Need to know: advice on metal picture frames
Wood might be considered the hallmark of picture framing, but there’s a lot of good to be found in metal frames as well (last week’s blog also mentioned this). In this blog post, we look at safety when putting them together, what kind of art they suit, and a few other burning questions which we sometimes get asked.
Safety when handling
If there’s one thing to be wary of when assembling metal frames, it’s those unforgiving edges – they can be razor sharp at times. If it’s your first time handling them, we’d suggest some thin gloves. These will afford you a level of protection, as well as the rather crucial ability to feel what you are doing.
Art that suits metal frames
Any art can be framed using this method, of course, but it’s fair to say that best results are had with photographs of the family, portrait shots in general and also etchings. Contemporary paintings which feature a lot of silver and black can also be a very good match.
Size is crucial when it comes to glass
Unlike wooden frames which more often than not tend to have a bit of give in them, there is no such thing where metal frames are concerned. The size they are is generally the size they are, so be sure to get the size of the glass or acrylic just right (particularly if you’re replacing what was once in the frame!).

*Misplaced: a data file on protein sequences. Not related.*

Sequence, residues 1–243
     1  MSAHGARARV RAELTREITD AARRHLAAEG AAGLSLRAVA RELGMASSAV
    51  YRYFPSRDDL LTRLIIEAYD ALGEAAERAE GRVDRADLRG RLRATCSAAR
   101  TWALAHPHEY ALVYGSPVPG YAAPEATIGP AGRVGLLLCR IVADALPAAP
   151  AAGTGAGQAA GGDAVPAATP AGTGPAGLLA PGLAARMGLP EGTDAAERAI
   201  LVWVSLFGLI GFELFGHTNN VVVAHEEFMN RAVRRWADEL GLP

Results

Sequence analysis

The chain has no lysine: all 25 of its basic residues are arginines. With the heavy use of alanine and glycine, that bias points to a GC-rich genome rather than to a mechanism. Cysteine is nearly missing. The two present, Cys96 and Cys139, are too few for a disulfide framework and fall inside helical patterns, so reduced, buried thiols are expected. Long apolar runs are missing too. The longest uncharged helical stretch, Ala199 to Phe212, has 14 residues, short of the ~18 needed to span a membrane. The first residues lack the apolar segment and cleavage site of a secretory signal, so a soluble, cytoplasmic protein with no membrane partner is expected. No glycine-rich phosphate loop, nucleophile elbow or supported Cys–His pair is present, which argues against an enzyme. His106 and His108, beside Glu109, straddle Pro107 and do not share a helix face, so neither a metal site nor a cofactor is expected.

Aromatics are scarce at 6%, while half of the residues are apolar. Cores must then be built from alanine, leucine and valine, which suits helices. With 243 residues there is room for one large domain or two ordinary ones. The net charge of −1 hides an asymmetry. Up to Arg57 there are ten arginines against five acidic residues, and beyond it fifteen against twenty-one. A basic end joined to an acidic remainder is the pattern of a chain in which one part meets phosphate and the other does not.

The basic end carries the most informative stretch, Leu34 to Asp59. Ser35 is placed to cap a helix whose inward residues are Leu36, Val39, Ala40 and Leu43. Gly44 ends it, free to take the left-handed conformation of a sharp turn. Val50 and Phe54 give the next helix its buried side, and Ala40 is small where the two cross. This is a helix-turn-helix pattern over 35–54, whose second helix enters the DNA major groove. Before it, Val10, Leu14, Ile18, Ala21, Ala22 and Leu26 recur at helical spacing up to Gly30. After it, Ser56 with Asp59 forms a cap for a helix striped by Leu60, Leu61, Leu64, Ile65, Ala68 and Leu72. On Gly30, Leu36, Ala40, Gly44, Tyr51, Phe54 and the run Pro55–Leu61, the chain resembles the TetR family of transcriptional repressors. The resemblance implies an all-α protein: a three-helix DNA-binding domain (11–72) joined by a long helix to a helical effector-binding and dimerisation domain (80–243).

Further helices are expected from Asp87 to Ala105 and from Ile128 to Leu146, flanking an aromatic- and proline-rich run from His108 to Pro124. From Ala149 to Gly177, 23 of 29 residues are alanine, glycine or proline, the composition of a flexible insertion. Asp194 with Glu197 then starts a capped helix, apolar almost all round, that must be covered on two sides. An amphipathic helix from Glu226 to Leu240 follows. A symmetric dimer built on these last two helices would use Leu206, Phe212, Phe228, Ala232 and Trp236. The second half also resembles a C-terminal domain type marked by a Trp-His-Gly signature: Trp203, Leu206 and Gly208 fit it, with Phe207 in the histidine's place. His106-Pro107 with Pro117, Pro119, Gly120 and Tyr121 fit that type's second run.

A perfect fit
In order to ensure there are no gaps in the corners, you’ll need to push the two corners of your metal frame together – with the necessary joining piece of sliding metal – until they are perfectly flush. When you tighten the screws, don’t over-tighten them but do make sure that they hold the frame firmly.
Dusting is sensible
Metal frames come in a wide range of shiny and duller finishes, but be warned that like all picture frames they do attract the dust. A good going-over every couple of weeks should do the trick nicely.